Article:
WeMystic, a website on astrology, numerology, tarot, and spiritual orientation, left an open database exposing 34GB of sensitive data about the platforms’ users.
Telling the future is a tricky business, and failure to foretell your own mishaps doesn’t help. The content platform WeMystic is a good example of this, with the Cybernews research team discovering that it exposed its users’ sensitive data.
WeMystic offers its users astrology, spiritual well-being, and esotericism alongside an online shop for natural stones, chakras, tarot cards, bracelets, and other products. The platform primarily serves Brazilian, Spanish, French, and English speakers.
According to our team, WeMystic left an open and passwordless MongoDB database containing 34 gigabytes of data related to the service as part of the MongoDB infrastructure.
Businesses employ MongoDB to organize and store large swaths of document-oriented information. While WeMystic has since closed the database, researchers said that the data was accessible for at least five days.
One of the data collections in the exposed instance, named “users,” contained a whopping 13.3 million records. The exposed records include:
- Email addresses
- Dates of birth
- IP addresses
- Horoscope signs
- User system data
Our research team explains that the exposure of personal user data poses security risks for those involved since attackers may build on collected data to carry out targeted attacks, even getting creative with seemingly superstitious data.
Do you want to know the risks faced by users whose data has been exposed? Take a look at the original post at:
About the author: Vilius Petkauskas, Deputy Editor at CyberNews
(SecurityAffairs – hacking, WeMystic)
The popular cybersecurity researcher Patrick Wardle dissected the new macOS ransomware Turtle used to target Apple devices.
The popular cyber security researcher Patrick Wardle published a detailed analysis of the new macOS ransomware Turtle.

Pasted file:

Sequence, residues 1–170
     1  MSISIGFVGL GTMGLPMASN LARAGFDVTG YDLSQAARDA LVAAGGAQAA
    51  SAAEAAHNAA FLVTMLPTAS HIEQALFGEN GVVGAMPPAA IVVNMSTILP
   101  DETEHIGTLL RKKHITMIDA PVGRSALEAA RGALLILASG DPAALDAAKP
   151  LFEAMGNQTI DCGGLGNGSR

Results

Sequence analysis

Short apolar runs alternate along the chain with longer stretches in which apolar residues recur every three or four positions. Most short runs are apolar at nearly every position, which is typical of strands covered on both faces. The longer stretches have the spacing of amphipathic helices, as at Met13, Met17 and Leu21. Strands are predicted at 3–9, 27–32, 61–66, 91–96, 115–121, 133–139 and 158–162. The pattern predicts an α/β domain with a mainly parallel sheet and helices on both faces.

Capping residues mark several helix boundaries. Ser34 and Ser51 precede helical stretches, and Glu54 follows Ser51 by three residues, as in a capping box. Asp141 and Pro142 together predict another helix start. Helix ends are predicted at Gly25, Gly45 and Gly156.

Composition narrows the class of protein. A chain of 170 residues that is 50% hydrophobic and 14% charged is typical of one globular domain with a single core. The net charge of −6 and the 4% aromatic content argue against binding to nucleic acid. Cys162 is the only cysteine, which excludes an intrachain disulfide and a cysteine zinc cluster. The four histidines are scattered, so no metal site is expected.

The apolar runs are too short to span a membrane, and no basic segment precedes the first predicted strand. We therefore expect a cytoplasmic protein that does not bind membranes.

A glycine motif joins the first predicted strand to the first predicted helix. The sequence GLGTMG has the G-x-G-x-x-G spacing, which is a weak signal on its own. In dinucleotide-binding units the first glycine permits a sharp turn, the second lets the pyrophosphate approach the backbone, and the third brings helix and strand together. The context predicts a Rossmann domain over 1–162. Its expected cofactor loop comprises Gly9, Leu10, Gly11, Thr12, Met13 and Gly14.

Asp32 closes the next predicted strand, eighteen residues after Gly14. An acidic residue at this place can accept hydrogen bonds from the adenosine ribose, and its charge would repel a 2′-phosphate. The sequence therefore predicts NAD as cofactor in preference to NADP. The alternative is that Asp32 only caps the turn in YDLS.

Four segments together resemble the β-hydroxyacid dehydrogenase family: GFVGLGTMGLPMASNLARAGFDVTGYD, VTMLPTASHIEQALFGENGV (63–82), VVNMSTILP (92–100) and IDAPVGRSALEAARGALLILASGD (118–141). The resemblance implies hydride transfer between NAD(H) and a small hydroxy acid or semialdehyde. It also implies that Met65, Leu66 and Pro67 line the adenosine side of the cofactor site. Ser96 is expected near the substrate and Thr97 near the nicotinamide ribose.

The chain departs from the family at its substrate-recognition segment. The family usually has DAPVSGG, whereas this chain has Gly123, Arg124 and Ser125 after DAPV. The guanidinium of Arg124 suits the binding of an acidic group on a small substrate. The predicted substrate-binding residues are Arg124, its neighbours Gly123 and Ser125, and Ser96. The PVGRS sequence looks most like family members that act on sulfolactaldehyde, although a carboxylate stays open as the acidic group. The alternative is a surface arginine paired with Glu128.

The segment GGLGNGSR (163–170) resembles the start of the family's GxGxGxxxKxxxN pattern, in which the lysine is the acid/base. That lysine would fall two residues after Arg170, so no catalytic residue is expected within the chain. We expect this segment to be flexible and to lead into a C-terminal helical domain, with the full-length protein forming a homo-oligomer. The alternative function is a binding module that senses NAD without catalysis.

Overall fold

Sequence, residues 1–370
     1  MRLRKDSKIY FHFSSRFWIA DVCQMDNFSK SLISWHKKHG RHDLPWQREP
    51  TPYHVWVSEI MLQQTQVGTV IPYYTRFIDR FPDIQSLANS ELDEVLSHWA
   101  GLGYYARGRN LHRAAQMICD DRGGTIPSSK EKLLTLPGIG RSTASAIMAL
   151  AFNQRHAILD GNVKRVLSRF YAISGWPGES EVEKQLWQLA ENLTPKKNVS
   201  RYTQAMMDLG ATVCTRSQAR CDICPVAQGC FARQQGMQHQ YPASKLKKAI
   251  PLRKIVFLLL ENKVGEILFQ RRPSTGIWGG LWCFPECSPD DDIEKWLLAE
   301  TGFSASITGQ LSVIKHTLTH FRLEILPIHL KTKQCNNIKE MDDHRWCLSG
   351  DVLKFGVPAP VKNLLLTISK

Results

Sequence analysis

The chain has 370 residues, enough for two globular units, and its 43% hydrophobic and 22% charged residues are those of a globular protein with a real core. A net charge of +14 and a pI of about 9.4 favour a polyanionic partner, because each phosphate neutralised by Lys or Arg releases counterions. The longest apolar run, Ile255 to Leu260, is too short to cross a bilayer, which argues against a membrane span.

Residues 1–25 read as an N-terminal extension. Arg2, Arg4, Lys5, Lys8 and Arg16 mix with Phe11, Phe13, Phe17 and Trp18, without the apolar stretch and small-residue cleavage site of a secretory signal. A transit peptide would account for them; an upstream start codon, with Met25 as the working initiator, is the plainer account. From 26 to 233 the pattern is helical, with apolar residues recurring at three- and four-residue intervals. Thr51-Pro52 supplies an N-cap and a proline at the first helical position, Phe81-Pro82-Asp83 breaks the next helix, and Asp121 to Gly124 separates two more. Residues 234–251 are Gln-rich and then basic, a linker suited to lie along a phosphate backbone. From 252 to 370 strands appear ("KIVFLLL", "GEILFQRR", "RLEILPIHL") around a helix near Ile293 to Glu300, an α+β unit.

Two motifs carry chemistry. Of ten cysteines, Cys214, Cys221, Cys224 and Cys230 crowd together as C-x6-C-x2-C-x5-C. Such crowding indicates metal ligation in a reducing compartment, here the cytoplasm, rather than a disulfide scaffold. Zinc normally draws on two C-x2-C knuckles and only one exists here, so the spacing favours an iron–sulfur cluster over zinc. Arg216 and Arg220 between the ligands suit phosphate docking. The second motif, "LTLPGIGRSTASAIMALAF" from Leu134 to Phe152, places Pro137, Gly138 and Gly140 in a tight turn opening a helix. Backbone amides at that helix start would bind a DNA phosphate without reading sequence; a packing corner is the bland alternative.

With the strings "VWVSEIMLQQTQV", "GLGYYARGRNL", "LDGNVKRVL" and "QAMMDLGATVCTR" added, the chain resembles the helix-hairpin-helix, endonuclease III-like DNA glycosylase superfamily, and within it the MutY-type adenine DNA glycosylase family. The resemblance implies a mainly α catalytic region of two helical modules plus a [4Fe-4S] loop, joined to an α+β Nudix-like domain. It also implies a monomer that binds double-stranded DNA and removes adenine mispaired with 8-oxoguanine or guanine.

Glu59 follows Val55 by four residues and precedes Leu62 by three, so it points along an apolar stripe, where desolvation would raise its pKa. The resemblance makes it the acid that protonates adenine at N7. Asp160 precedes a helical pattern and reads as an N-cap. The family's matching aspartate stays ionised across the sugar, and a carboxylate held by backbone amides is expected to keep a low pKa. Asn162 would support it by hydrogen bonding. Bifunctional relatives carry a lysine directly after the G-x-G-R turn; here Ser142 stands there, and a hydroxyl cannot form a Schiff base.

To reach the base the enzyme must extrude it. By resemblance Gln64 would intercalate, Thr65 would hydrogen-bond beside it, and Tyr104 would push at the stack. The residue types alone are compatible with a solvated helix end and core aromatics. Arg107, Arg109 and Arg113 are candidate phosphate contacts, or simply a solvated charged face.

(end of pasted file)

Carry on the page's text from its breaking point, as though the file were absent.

Wardle pointed out that since Turtle was uploaded on Virus Total, it was labeled as malicious by 24 anti-malware solutions, suggesting it is not a sophisticated threat. However, the malicious code was generally detected as “Other:Malware-gen”, “Trojan.Generic”, or “Possible Threat”. In some cases, the anti-virus solution flagged the binary as Windows malware (“Win32.Troj.Undef”).
The experts speculate the malware was first developed for Windows, then ported to macOS.
Only one AV engine detects the malicious code as “Ransom.Turtle” due to the internal name of the malware.
“If we download the archive and unzip it, we find it contains files (prefixed with “TurtleRansom”) that appear to be compiled for common platforms, including, Windows, Linux, and yes, macOS” reads the analysis published by Wardle.
The malicious code is only signed adhoc and Gatekeeper should block it, explains Wardle. The binary also lacks of obfuscation.
The Turtle ransomware reads files into memory, encrypt them with AES (in CTR mode), rename the files, then overwrites the original contents of the files with the encrypted data. The malware adds the extension “
TURTLERANSv0” to the filenames of encrypted files.
The malware is not sophisticated, however the discovery of a macOS version for the Turtle ransomware suggests it is becoming popular in the cybercrime underground.
Wardle discovered various strings in Chinese, some of these strings are related to ransomware operations, such as “加密文件” which translate to “Encrypt files”. However the presence of these strings is not enough to attribute the malware to a specific threat actor.
“Today we dove into a new ransomware sample, internally dubbed “Turtle”. And while in its current state it does not post much of a threat to macOS users, it yet again, shows that ransomware authors continue to set their sites on macOS.” concludes the analysis.
(SecurityAffairs – hacking, TurtleRansom)